I wrote this in a hospital waiting room under the influence of Celine’s Journey to the End of Night, and I recognize that it is deeply unfair to anyone working in the medical profession, but we all know that this is what it feels like.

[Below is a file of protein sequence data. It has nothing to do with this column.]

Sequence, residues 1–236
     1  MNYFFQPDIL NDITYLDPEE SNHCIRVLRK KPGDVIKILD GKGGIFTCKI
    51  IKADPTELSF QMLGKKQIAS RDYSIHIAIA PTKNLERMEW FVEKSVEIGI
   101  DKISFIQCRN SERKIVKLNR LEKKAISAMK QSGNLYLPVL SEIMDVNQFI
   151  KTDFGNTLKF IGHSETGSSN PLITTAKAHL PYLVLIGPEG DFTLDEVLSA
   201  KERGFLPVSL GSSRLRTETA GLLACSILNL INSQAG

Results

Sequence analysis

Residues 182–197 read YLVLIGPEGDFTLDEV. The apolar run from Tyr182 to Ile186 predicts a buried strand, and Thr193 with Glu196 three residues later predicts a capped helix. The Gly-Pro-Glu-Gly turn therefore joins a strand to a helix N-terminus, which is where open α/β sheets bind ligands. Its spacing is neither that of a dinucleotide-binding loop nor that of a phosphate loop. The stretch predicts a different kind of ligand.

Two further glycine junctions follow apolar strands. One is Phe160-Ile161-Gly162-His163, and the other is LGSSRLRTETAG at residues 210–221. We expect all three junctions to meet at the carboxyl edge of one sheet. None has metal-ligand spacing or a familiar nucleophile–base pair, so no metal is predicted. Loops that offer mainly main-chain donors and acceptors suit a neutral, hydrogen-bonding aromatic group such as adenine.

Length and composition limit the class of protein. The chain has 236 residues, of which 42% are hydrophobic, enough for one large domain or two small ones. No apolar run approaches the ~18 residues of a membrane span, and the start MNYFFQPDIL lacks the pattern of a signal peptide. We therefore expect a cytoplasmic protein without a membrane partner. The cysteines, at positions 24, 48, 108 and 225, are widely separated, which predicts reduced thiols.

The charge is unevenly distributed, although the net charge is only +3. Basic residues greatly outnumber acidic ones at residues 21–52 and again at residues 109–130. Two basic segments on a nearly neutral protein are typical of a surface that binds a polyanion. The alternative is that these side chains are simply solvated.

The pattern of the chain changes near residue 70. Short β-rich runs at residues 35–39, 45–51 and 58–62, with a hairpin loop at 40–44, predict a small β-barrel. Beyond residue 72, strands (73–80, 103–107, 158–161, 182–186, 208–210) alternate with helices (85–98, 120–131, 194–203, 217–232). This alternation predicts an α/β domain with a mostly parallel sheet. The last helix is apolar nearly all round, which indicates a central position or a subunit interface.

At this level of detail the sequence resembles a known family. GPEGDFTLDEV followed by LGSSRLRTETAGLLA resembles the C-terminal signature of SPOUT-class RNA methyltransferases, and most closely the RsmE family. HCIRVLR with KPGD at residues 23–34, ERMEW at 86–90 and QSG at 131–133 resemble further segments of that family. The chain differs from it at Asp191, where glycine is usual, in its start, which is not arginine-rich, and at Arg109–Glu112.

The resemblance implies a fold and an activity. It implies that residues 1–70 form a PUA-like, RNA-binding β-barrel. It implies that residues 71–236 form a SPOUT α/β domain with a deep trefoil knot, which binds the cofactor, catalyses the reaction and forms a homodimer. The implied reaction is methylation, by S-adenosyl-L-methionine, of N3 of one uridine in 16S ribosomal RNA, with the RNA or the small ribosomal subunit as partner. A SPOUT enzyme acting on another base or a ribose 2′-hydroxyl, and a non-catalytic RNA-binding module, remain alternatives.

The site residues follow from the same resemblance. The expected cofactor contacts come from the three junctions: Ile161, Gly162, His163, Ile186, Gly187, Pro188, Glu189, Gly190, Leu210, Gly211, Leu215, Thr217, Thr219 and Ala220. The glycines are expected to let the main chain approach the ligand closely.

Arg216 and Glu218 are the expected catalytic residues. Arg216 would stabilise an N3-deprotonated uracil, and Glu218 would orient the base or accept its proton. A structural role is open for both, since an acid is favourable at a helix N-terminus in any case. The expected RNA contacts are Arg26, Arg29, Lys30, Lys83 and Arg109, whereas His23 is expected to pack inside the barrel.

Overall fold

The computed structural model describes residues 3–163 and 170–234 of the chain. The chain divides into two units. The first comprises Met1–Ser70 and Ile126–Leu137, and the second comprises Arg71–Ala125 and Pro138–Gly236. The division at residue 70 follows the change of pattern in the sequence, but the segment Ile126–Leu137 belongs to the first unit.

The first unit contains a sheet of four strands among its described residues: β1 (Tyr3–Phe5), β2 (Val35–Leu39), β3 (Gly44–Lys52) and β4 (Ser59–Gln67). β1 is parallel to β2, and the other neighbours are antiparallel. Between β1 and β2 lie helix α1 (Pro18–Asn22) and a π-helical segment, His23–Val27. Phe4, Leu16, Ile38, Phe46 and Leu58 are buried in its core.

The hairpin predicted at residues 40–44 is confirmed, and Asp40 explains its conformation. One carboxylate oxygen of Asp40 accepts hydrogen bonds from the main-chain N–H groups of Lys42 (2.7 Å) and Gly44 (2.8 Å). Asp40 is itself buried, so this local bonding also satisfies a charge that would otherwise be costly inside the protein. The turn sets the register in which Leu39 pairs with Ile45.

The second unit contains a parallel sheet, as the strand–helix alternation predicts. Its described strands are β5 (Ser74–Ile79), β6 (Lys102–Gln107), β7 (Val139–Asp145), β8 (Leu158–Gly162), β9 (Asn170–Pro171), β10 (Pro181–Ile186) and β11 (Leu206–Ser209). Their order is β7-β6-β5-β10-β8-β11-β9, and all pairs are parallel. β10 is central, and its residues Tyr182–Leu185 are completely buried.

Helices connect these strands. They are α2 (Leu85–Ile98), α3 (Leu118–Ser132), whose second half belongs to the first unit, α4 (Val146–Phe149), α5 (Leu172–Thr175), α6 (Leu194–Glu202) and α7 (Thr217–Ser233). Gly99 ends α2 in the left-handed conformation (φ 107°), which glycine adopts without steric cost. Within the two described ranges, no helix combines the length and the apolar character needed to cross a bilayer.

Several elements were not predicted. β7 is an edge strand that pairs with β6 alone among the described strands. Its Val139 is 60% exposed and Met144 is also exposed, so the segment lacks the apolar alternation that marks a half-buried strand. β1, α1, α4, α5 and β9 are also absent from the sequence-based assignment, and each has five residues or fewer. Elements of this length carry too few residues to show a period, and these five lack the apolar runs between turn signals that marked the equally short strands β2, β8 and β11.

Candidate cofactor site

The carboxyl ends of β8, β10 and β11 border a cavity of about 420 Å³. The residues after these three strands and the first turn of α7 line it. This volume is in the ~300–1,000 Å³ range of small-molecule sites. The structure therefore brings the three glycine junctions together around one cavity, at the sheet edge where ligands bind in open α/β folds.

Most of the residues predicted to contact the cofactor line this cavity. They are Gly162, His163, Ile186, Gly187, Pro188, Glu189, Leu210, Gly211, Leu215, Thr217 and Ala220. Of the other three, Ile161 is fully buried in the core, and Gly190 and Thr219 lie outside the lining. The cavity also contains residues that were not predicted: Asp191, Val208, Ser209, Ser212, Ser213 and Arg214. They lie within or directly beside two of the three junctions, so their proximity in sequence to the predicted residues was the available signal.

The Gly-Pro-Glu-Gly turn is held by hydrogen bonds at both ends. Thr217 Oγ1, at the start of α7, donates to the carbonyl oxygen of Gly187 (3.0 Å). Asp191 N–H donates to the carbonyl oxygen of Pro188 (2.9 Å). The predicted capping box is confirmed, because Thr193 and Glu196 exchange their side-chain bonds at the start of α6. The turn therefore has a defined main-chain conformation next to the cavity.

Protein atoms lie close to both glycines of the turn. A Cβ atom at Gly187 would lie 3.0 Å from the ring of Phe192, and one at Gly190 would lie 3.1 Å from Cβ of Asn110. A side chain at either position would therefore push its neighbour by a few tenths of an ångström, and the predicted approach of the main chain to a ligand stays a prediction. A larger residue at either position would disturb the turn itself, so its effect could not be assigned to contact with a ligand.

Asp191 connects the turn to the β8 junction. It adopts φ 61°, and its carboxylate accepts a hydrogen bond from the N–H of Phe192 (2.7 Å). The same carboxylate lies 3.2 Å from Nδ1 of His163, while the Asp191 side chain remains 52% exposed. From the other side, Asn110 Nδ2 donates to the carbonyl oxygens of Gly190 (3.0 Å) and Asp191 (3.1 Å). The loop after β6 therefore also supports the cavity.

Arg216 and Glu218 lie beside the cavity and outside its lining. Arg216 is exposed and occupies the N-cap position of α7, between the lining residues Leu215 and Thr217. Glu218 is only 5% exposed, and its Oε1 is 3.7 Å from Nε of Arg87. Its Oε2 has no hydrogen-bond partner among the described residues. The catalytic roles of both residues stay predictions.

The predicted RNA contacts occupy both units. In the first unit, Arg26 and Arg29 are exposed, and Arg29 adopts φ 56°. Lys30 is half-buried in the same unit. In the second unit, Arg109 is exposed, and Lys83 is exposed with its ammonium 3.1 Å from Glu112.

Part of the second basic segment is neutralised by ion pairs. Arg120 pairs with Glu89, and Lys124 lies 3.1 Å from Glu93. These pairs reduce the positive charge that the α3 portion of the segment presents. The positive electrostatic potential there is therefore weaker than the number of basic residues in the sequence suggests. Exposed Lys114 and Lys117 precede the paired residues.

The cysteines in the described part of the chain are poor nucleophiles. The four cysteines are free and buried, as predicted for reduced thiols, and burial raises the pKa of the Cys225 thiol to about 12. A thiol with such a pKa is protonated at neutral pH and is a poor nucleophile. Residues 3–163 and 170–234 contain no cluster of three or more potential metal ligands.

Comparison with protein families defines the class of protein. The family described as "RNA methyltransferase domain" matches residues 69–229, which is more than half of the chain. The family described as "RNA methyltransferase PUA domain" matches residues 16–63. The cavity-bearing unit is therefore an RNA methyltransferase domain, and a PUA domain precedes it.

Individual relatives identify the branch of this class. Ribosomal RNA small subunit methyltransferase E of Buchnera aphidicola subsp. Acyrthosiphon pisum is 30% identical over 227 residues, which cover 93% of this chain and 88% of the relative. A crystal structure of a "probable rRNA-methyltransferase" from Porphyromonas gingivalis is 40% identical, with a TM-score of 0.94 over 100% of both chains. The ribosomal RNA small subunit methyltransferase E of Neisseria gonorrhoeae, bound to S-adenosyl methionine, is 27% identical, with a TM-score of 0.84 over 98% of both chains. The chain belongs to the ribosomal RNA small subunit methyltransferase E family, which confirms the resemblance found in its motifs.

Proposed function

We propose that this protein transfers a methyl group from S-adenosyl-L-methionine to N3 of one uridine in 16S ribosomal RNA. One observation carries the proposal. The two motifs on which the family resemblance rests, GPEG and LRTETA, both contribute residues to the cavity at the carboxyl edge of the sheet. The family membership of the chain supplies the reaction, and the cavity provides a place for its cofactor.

There were skylights above the waiting room, two of them, channeling sunlight onto the patients below, not enough to relieve the dimness of the room but enough to inspire hope for something more, just as the trickle of patients from the waiting area into the hospital proper — truly a trickle, almost unnoticeable if he relaxed his watch even for a moment, to take a sip of coffee perhaps, or to cough into his sleeve — a trickle that did not shorten the line at all, only kept alive a feeble hope that it would shorten eventually, in some distant and unspecified time, and until then the patients would wait, like the invalids at the pool of Bethsaida, waiting for the angel of the Lord to descend and stir the waters, or at the very least for a nurse to call the next name. The skylights admitted so meager a light that small uplights had been installed to illuminate them from below and create the illusion of greater sunlight than there was, lights that were kept lit during the day as a pale enhancement to the sun and then turned off at night, when the room was kept almost dark, lit only by dim potlights along the walls, perhaps encouraging those still waiting to sleep through the hours of delay, or perhaps to suggest that the emergency department was closed for the night so that people would return to their homes with whatever had been ailing them, which seemed the purpose of the whole system, to be honest, to defeat the patients rather than to treat them, to keep them waiting until hunger or exhaustion or some other triviality — the need to work their jobs, for example, or to care for their families — forced them to leave. The luckiest among them were those whose lives were obviously at risk, those in respiratory distress or wounded sufficiently to bleed on the chairs or the floor, which distressed the nurses very much, concerned as they seemed to be that people should remain untreated in as orderly and hygienic a manner as possible. There were whole squads of them working at this sort of thing — filling out forms and assigning triage levels and showing patients where they could sit and answering little buzzers and speaking over intercoms, not to mention sterilizing everything at regular intervals and exhorting the patients to do so as well, before and after they touched anything it seemed, even the sanitizer, and this sort of thing clearly gave them great satisfaction, far more than being forced, by choosing the short straw he suspected, or by losing some form of wager, to work with any actual ailment. It was a real blow to them, he could see, when they had to allow a new patient into the hospital, when someone arrived whose case really could not be delayed without risking all the complications of death and investigation and loss of funding, or when — far worse — someone without a life threatening ailment, with only a broken limb, say, or a wound in some extremity, or a raging fever, if any of these had to be admitted, just to keep up appearances and meet their quotas, well, this was a real blow to their professional pride, a failure of their carefully regulated system, and they would look at each other, these file makers and intercom users and germ sanitizers, passing consolation to one another in their time of trial, while the lucky patient who had been there long enough to have eaten several meals at the vending machine and to have had a night’s sleep sitting up in a chair, all the while staunching a leg wound or vomiting into a paper bag, struggled through the hospital door with the same sense of fortune as a lottery winner or, to return to an earlier metaphor, as the one who is finally first to touch the miraculously stirring waters of Bethsaida.